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OHA constitutional provision stated that a pro rata share of the proceeds and income should be directed to OHA, the amendment did not define that pro rata share. That determination was left to the State legislature and in 1980, after lengthy discussion, OHA's pro rata share was set at twenty percent. 33/

Securing a pro rata portion of the public land trust fund for native Hawaiians [50 percent blood quantum) was a primary motive for establishing the Office of Hawaiian Affairs. Of equal importance, however, were the objectives of providing all [native] Hawaiians with the right to choose their leaders through the elective process and providing a vehicle for selfgovernment and self-determination. The high level of voter participation in the 1980 OHA elections indicates that those objectives are supported by the [native] Hawaiian people. 34/

OHA is a unique entity combining features of both a public trust and government agency. Under Hawaii law, OHA is a separate state agency, independent of the executive branch. 35/ Its independence is assured by its primary funding mechanism (the public land trust fund), its control over internal affais, its ability to acquire and manage property, its power to enter into contracts and leases, and the elective process by which the Board of Trustees is chosen. 36/ At the same time, OHA also acts as a trustee in administering its funds for the benefit of native Hawaiians and Hawaiians. OHA's statutory purposes 37/ include:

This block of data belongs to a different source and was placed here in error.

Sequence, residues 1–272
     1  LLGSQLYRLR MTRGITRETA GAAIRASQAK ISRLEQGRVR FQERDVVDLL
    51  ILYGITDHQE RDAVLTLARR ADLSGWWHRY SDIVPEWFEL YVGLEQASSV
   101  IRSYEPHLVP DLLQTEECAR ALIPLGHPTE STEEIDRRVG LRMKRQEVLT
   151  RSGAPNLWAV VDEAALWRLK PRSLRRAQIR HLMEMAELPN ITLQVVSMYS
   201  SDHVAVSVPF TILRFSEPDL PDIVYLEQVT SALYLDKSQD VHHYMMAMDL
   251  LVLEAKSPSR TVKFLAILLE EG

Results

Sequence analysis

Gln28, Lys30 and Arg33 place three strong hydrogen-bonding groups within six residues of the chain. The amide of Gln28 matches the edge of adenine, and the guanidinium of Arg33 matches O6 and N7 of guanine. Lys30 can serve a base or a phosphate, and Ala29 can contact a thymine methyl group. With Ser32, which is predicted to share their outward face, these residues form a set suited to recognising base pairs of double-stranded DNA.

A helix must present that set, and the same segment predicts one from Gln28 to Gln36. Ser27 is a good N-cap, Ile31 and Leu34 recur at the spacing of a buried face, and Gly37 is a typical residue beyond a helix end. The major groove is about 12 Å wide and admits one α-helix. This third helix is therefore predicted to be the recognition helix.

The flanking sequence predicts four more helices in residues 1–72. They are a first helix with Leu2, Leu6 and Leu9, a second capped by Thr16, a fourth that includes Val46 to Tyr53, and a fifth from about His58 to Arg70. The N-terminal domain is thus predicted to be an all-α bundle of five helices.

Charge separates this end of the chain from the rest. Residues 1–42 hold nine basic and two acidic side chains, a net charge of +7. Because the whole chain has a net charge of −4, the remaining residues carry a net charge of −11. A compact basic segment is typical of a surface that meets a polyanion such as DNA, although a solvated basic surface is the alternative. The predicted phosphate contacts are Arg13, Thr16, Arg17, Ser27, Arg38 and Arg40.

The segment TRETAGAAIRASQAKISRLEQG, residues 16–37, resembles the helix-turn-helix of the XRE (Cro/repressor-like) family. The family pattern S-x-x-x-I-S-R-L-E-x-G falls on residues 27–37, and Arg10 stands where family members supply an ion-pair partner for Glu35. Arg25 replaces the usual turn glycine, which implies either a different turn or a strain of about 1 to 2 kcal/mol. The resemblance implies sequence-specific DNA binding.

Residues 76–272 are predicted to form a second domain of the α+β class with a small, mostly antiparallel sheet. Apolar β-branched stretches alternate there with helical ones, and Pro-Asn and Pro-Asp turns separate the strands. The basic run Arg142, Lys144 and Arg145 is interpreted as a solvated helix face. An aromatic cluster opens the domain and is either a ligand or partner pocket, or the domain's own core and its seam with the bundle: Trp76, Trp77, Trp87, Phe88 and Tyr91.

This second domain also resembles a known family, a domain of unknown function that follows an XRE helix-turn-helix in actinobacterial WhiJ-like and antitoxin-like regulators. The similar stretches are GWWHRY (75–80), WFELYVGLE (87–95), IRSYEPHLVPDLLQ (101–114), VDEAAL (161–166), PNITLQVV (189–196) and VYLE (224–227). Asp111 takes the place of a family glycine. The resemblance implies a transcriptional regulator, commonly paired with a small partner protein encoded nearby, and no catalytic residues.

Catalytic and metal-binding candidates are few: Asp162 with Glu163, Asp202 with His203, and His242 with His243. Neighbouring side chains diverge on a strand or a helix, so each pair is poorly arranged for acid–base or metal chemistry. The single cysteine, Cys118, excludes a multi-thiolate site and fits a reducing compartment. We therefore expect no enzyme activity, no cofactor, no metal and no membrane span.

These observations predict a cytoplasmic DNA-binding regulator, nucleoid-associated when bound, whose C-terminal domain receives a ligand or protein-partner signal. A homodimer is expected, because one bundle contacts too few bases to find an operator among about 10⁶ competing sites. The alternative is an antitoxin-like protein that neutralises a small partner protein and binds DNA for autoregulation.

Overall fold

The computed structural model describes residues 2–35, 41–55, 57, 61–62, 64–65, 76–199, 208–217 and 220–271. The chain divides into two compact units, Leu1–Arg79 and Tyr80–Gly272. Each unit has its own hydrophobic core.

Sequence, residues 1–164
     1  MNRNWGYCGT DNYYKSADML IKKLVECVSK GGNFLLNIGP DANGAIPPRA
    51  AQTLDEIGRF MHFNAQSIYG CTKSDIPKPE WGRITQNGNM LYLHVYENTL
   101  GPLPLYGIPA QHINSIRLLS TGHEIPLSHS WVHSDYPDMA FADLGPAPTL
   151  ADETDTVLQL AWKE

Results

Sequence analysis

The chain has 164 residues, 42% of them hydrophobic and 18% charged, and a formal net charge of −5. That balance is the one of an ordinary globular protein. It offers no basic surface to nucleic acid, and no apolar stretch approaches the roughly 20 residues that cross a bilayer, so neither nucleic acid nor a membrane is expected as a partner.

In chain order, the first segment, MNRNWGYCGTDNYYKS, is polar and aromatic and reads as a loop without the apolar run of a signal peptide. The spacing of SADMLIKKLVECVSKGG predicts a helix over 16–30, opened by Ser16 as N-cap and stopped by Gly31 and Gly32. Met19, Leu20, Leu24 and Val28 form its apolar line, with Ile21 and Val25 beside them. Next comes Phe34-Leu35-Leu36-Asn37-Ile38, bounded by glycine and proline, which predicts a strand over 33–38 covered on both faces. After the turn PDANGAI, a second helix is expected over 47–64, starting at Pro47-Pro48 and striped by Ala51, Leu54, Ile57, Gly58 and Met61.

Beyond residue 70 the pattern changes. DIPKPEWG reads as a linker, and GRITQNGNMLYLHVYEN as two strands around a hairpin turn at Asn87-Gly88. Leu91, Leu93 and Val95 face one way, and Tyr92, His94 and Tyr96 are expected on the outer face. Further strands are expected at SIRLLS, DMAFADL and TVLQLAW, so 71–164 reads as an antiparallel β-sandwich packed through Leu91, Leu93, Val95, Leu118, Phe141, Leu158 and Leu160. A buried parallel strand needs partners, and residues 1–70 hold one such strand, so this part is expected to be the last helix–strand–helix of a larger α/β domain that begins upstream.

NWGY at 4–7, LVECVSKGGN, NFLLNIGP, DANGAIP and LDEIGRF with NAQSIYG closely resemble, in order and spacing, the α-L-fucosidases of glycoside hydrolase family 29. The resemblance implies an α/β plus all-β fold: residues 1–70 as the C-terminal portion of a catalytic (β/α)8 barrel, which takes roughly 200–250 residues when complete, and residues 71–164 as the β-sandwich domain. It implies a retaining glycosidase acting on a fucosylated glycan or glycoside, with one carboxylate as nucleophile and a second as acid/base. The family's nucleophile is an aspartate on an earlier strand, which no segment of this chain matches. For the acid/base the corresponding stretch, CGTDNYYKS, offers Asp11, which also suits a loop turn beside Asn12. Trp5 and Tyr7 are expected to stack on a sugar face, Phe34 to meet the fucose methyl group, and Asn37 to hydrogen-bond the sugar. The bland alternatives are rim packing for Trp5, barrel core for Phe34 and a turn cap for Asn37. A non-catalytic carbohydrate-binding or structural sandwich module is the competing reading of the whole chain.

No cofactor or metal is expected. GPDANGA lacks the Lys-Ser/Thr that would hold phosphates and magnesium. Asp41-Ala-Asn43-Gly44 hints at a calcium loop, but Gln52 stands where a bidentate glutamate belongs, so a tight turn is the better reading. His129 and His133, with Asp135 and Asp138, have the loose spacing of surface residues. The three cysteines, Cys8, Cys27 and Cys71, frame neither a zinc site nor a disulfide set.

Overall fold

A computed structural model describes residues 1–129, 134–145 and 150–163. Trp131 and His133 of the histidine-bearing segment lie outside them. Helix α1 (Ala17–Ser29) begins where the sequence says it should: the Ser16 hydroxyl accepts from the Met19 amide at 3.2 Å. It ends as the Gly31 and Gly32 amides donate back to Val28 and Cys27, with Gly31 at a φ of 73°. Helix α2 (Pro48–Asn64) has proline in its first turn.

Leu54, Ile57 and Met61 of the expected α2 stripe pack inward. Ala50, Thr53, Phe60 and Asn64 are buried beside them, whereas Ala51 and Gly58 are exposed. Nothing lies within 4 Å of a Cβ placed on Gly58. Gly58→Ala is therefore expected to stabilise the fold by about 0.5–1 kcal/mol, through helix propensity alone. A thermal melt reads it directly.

1. Promoting the betterment of conditions of all [native] Hawaiians;
2. Serving as the principal public agency in the State responsible for the performance, development and coordination of program and activities relating to [native] Hawaiians, with the exception of the Hawaiian Homes Program;
3. Assessing the policies and practices of other agencies impacting on native Hawaiians [50 percent blood quantum] and [native] Hawaiians;
4. Conducting advocacy efforts for native Hawaiians [50 percent blood quantum] and [native] Hawaiians;
5. Applying for, receiving, and disbursing grants and donations from all sources for native Hawaiians [50 percent blood quantun] and [native] Hawaiians; and
6. Serving as a receptacle for reparations from the Federal Government.


Other existing State programs for education, health, and other needs of the native Hawaiians, as well as other state residents, are described in Part I of this Report.